The statue of Diana, Princess of Wales will be specially opened to the public to mark the 24th anniversary of her death on Tuesday.
The Princess was killed in a car crash in Paris on 31 August 1997.
Due to the pandemic, Kensington Palace and its gardens are operating reduced opening days and are usually only accessible to the public from Wednesday to Sunday.
But Historic Royal Palaces (HRP) said special arrangements had been made to allow visitors to view the statue from the Cradle Walk around the Sunken Garden where it stands from 3pm to 5pm on Tuesday.
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The statue was officially unveiled by Diana's sons, the Duke of Cambridge and the Duke of Sussex, during a private ceremony on 1 July – which would have been their mother's 60th birthday.
A spokesman for Historic Royal Palaces said: "We acknowledge that there will be interest in viewing the statue on that day.
Harry and William unveiled the statue of their late mother in July
"So we will be providing access to the Cradle Walk which is essentially the beautiful walkway around the Sunken Garden.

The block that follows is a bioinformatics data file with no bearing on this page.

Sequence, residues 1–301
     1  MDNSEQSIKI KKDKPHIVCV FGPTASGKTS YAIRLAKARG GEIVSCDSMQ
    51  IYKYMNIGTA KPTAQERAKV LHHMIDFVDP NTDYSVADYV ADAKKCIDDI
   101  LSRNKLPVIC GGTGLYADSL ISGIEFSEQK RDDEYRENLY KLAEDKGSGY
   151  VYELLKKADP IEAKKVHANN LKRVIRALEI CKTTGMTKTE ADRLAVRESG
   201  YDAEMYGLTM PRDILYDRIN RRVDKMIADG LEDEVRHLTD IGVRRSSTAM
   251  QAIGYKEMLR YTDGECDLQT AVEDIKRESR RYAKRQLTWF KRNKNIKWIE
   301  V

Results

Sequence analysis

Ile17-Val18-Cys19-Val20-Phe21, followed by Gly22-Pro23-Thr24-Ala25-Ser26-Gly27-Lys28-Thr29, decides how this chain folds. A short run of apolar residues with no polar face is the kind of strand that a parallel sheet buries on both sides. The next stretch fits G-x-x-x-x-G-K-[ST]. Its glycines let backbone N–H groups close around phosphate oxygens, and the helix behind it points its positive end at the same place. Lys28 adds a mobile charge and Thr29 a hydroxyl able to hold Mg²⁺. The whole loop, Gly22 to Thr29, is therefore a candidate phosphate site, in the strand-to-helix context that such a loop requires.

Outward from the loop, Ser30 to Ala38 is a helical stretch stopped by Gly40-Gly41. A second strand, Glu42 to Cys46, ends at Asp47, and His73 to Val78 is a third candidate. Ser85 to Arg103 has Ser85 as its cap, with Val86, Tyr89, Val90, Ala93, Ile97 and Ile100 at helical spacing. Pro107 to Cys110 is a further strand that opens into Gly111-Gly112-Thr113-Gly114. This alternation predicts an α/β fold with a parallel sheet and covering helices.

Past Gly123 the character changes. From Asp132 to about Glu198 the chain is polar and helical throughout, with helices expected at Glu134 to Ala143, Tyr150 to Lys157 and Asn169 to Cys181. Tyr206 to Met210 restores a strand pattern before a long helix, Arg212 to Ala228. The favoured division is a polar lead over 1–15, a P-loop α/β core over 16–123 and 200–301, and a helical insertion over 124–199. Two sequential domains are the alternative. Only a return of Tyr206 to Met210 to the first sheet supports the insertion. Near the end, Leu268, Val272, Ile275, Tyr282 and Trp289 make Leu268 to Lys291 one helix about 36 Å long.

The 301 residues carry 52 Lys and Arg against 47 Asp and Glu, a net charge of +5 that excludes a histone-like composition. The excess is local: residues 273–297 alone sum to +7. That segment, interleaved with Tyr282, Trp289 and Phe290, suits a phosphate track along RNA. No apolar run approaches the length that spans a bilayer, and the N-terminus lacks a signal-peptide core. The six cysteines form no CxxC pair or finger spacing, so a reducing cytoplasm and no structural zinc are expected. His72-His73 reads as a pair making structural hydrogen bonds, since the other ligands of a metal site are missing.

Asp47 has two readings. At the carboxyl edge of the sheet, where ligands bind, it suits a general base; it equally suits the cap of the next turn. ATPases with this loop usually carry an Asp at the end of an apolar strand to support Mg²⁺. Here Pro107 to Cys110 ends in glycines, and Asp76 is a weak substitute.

"We will be opening that up, freely available, for passers-by or anybody who wants to stop and take a moment on that Tuesday, specially for the anniversary."
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The statue will be open to the public on Tuesday
The artwork, cast in bronze and designed by sculptor Ian Rank-Broadley, shows the Princess surrounded by three children and depicts her in the later years of her life.
Beneath the statue is a plinth engraved with Diana's name and the date of the unveiling, while a paving stone in front is engraved with an extract after the poem The Measure of A Man, which was in the programme for the 2007 memorial service for the Princess.
Kensington Palace's Sunken Garden – one of the places Diana loved most at the palace – has been redesigned during the past two years and features more than 4,000 individual flowers, including forget-me-nots, which were adored by the Princess.
For more information about visiting Kensington Palace, visit hrp.org.uk/kensington-palace/
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